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Title

In vitro Activity of Pentamidine Alone and in Combination With Aminoglycosides, Tigecycline, Rifampicin, and Doripenem Against Clinical Strains of Carbapenemase-Producing and/or Colistin-Resistant Enterobacteriaceae

AuthorsCebrero-Cangueiro, Tania; Álvarez-Marín, Rocío; Labrador-Herrera, Gema; Smani, Younes; Cordero-Matía, Elisa; Pachón, Jerónimo ; Pachón-Ibáñez, M. E.
KeywordsEnterobacteriaceae
Colistin-resistant
Carbapenemase producers
Pentamidine
In vitro activity
Issue Date18-Oct-2018
PublisherFrontiers Media
CitationFrontiers in Cellular and Infection Microbiology 8: 363 (2018)
AbstractEnterobacteriaceae cause different types of community- and hospital-acquired infections. Moreover, the spread of multidrug-resistant Enterobacteriaceae is a public health problem and the World Health Organization pointed them among the pathogens in which the search of new antibiotics is critical. The objective of this study was to analyze the in vitro activity of pentamidine alone and in combination with gentamicin, tobramycin, amikacin, tigecycline, rifampicin, or doripenem against eight clinical strains of carbapenemase-producing and/or colistin-resistant Enterobacteriaceae: five carbapenemase-producing Klebsiella pneumoniae, one carbapenemase-producing Escherichia coli, and two colistin-resistant Enterobacter cloacae. MIC and MBC were determined following standard protocols. MIC results were interpreted for all the antibiotics according to the EUCAST breakpoints but for rifampicin in which the French FSM breakpoint was used. Bactericidal and synergistic activity of pentamidine alone and in combination with antibiotics at concentrations of 1xMIC was measured by time-kill curves. For one selected strain, K. pneumoniae OXA-48/CTX-M-15 time-kill curves were performed also at 1/2xMIC of pentamidine. All studies were performed in triplicate. Pentamidine MIC range was 200–800 μg/mL. The 50, 12.5, 62.5, 87.5, and 62.5% of the strains were susceptible to gentamicin, tobramycin, amikacin, tigecycline, and doripenem, respectively. Only the two E. cloacae strains were susceptible to rifampicin. Pentamidine alone at 1xMIC showed bactericidal activity against all strains, except for the E. cloacae 32 strain. The bactericidal activity of pentamidine alone was also observed in combination. The combinations of pentamidine were synergistic against E. cloacae 32 with amikacin and tobramycin at 24 h and with tigecycline at 8 h. Pentamidine plus rifampicin was the combination that showed synergistic activity against more strains (five out of eight). Pentamidine plus doripenem did not show synergy against any strain. At 1/2xMIC, pentamidine was synergistic with all the studied combinations against the K. pneumoniae OXA-48/CTX-M-15 strain. In summary, pentamidine alone and in combination shows in vitro activity against carbapenemase-producing and/or colistin-resistant Enterobacteriaceae. Pentamidine appears to be a promising option to treat infections caused by these pathogens.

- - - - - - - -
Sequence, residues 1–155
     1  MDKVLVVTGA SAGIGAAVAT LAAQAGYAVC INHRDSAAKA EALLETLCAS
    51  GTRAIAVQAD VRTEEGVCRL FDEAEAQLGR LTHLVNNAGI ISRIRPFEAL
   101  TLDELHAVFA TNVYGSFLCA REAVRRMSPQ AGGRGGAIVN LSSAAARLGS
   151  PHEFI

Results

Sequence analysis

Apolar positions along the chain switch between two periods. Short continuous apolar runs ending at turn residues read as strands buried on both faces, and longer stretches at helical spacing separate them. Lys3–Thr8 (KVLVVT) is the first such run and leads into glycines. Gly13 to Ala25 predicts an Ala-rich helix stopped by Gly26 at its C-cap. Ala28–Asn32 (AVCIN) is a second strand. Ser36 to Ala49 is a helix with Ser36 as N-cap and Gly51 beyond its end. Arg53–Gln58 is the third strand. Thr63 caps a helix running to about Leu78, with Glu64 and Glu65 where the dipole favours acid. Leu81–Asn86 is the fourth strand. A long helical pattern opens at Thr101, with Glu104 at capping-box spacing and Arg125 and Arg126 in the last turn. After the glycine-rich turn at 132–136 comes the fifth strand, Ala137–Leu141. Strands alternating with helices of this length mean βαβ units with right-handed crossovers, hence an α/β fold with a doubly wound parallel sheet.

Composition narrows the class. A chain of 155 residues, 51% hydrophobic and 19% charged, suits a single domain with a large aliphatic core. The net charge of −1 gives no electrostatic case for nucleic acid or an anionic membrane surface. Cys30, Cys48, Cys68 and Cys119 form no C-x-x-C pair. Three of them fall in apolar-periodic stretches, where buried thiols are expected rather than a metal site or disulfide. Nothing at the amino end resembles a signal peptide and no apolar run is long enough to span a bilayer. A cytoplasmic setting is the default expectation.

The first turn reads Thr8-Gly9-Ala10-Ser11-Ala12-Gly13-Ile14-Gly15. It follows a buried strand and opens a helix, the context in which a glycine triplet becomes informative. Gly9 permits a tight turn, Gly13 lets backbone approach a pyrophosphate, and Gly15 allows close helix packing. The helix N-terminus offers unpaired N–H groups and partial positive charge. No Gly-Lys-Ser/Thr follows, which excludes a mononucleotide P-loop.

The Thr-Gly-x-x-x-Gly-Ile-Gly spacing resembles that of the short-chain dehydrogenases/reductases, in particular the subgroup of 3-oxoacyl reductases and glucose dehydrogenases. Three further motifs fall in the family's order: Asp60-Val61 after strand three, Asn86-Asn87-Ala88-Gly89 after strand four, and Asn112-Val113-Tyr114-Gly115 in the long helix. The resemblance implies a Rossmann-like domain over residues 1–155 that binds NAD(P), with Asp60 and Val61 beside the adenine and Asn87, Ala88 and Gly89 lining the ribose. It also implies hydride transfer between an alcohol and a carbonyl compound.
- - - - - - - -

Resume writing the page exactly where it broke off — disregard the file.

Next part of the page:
Publisher version (URL)https://doi.org/10.3389/fcimb.2018.00363
URIhttp://hdl.handle.net/10261/180404
DOI10.3389/fcimb.2018.00363
E-ISSN2235-2988
Appears in Collections:(IBIS) Artículos
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